AGSM MBA Program by izi97976

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									                    AGSM
                  MBA Program




                    MNGT1483


              Strategic Management I:
Detecting and Selecting Business Opportunities




                  COURSE OUTLINE
                  SESSION 2, 2008




   MNGT1483 – Selecting and Detecting Business Opportunities
                          Page- 1
1. COURSE STAFF                                                             3
1.1 Communication with Staff                                                3
2. INFORMATION ABOUT THE COURSE                                             3
2.1 Teaching Times and Locations                                            3
2.2 Units of Credit                                                         3
2.3 Parallel Teaching in the Course                                         3
2.4 Relationship of This Course to Other Course Offerings                   3
3. COURSE AIMS AND LEARNING OUTCOMES                                        4
3.1 Course Aims                                                             4
3.2 Student Learning Outcomes                                               4
3.3 Approach to Learning and Teaching                                       5
3.4 Teaching Strategies                                                     6
4. CONTINUAL COURSE EVALUATION AND IMPROVEMENT                              7

5. LEARNING ASSESSMENT                                                      7
5.1 Formal Requirements                                                     7
5.2 Assessment Details                                                      7
5.3 Assignment Format                                                       8
5.4 Assignment Submission Procedure                                         8
5.5 Late Submission                                                         8
5.6 Special Consideration and Supplementary Examinations                    8
6. ACADEMIC HONESTY AND PLAGIARISM                                          8

7. STUDENT RESPONSIBILITIES AND CONDUCT                                     9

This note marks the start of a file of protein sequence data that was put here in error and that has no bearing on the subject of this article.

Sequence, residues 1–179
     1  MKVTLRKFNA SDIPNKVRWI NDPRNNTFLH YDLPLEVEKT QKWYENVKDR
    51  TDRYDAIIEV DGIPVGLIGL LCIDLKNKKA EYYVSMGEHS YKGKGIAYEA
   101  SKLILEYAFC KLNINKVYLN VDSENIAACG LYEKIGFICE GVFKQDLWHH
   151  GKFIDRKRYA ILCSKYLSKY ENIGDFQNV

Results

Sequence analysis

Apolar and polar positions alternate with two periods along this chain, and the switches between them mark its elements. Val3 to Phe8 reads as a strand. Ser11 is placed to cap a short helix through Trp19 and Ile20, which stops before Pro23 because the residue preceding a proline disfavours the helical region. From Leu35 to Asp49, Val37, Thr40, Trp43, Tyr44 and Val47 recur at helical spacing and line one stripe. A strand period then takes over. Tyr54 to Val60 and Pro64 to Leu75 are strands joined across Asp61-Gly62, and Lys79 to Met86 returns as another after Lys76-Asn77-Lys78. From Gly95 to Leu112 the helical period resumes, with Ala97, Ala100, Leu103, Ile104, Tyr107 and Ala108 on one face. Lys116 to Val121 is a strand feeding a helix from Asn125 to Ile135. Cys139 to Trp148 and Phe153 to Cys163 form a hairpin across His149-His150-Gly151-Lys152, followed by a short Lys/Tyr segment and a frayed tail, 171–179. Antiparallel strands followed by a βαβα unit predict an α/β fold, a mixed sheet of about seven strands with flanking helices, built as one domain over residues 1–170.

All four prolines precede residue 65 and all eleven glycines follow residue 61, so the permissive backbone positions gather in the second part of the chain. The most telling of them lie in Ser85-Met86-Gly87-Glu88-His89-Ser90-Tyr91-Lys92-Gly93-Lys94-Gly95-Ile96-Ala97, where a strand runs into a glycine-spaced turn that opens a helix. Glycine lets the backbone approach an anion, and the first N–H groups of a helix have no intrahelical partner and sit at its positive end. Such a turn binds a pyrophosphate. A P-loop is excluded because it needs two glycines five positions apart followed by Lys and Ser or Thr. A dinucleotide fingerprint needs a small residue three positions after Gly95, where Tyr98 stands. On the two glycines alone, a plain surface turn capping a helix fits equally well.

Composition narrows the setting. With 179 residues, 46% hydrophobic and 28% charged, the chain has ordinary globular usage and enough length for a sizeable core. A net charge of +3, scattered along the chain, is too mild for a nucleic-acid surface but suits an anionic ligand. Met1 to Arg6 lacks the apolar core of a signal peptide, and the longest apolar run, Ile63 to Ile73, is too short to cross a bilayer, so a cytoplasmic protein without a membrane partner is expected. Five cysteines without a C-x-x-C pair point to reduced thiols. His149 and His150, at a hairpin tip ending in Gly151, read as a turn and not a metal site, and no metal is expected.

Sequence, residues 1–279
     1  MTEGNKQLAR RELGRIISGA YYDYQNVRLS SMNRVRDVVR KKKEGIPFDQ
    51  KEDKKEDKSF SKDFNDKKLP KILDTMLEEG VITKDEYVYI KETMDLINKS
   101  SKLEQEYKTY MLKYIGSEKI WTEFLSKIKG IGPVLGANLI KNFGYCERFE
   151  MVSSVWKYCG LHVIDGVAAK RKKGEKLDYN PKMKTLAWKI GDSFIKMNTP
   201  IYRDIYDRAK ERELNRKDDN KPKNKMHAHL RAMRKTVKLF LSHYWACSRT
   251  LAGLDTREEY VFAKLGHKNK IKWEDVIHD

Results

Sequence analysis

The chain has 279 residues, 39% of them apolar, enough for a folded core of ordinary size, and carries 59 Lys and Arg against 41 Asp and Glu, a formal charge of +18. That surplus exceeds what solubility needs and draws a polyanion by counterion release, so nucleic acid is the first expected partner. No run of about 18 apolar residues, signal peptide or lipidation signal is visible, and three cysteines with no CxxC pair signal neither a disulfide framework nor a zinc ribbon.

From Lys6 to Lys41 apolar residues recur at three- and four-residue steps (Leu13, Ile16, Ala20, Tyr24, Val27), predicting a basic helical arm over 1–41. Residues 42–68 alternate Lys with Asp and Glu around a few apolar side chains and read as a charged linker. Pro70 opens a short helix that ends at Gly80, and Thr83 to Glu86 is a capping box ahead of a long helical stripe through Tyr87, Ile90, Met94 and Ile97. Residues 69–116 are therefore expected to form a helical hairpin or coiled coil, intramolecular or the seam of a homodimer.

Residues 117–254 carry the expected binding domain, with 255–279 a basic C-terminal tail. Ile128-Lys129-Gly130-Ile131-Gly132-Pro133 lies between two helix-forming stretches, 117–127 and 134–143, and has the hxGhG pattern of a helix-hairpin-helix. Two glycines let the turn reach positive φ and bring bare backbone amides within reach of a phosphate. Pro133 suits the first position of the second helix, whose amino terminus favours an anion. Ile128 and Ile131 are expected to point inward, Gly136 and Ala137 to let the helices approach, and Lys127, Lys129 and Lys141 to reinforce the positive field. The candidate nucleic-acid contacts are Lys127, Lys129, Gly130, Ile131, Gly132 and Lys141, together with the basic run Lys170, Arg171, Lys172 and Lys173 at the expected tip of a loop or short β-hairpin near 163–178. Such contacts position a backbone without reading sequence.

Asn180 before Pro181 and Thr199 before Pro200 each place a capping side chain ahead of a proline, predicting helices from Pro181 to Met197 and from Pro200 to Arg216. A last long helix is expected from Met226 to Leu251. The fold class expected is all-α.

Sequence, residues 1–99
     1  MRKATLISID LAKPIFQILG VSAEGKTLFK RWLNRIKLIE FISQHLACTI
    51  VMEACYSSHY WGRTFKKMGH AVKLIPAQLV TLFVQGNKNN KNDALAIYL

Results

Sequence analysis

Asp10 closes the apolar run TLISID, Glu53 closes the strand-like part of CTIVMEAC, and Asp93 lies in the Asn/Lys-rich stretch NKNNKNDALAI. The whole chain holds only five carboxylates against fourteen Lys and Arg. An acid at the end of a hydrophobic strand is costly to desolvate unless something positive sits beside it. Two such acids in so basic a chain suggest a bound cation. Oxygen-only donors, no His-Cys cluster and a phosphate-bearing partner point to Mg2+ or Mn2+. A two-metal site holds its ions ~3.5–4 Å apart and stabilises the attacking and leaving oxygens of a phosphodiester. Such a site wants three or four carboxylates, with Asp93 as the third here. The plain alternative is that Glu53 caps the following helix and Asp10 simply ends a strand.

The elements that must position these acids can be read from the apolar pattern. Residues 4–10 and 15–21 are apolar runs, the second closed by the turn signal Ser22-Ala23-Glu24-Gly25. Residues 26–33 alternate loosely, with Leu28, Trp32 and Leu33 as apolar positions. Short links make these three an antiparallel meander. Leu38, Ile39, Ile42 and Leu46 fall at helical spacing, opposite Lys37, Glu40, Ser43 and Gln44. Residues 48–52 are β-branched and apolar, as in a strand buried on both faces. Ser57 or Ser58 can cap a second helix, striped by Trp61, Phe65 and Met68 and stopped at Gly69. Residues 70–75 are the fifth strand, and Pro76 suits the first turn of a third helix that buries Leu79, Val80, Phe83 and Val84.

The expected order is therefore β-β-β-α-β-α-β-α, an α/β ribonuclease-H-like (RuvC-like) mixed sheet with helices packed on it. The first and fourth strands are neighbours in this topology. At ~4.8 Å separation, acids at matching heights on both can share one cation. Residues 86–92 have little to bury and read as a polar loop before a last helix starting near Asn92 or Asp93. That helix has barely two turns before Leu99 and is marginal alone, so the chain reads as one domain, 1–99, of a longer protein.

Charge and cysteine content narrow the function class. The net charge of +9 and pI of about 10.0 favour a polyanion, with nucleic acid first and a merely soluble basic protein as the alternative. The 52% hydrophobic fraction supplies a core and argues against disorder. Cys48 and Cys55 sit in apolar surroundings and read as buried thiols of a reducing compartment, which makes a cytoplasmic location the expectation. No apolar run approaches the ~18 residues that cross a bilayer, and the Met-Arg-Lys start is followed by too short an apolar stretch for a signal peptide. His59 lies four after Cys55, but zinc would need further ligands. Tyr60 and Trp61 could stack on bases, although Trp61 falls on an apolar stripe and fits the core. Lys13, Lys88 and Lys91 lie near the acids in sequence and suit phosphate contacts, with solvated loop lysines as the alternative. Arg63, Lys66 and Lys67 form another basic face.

7.1 Workload                                                               10
7.2 Attendance                                                             10
7.3 General Conduct and Behaviour                                          10
7.4 Keeping Informed                                                       10
8. STUDENT RESOURCES                                                       10
8.1 Course Resources                                                       10
8.2 Other Resources, Support and Information                               11
9. COURSE SCHEDULE                                                         12




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1. COURSE STAFF

Course Leader
J. Peter Murmann                    Email: peter.murmann@agsm.edu.au

Residential Facilitators:
Grahame Dowling                     Email: grahamed@agsm.edu.au
Denise Weinreiss                    Email: denisew@agsm.edu.au

Kevin Clark or Chris Adam or Gloria Tian (still to be determined)


1.1 Communication with Staff

All administrative questions regarding the course should be addressed to MBA
(Executive) Strategy Management Year Program Office: SMY@agsm.edu.au

Questions regarding to subject matter for SM 1 can be addressed directly to
the course leader.



2. INFORMATION ABOUT THE COURSE

2.1 Teaching Times and Locations
Details of specific residential times and locations are contained in the course
overview.

SM1 Session Start            14 July 2008
Session Break                20 September – 5 October 2008

2.2 Units of Credit
12 Units of credit

2.3 Parallel Teaching in the Course
There is no parallel teaching in this course

2.4 Relationship of This Course to Other Course Offerings